The International Order Is Dying in Gaza
The ongoing war between Israel and Hamas has dealt a crushing blow to the multilateral security system and threatens to alienate the Arab and Muslim world. To ensure a lasting peace for Palestinians and the broader region, the conflict must be dealt with swiftly and inspire reforms to create a more equitable global order.
VIENNA – After COVID-19 struck in 2020, creating chaos and misery, I hoped that some silver lining would emerge from this global tragedy. For a time, it seemed possible. The pandemic was a powerful reminder of our common vulnerabilities, our shared humanity, and the importance of solidarity that transcends our differences and borders.
Now, however, I wonder if I was wrong even to hope. Once the pandemic subsided, we rushed back to the precipice with renewed vigor. None of the lessons of solidarity stuck, as if we were coated in Teflon. Many, if not all, of the pillars of the post-World War II global order seem to be crumbling. Violent conflict has become the default method to settle disagreements between countries (Russia and Ukraine) and within countries (Yemen and Sudan), while the multilateral security system, headed by the United Nations Security Council, is sliding into irrelevance.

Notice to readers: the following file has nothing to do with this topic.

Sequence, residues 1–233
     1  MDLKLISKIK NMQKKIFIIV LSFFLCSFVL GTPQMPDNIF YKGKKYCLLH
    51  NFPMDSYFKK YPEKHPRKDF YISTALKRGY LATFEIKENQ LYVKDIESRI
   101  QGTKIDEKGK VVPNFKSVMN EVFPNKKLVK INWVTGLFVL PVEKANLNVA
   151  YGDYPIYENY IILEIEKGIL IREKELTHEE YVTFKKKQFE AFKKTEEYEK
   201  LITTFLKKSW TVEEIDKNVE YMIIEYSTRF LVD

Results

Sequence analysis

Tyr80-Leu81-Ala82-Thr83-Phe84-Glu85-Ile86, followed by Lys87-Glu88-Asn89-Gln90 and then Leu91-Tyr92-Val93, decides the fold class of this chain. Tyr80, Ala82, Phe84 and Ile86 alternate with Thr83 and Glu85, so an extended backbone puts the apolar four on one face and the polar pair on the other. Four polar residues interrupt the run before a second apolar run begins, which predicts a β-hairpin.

Moreover, the inequality gap between the Global North and the Global South has widened, and more of the latter countries are suffering from debilitating debt burdens. This, in turn, has exacerbated poverty, fueled migration, and sown distrust. With populism and authoritarianism on the rise, attacks on human rights and democratic values have intensified and, in some cases, the veneer of elections has given these attacks spurious legitimacy. And the intensifying rivalry between the United States and China is fast becoming an end in itself.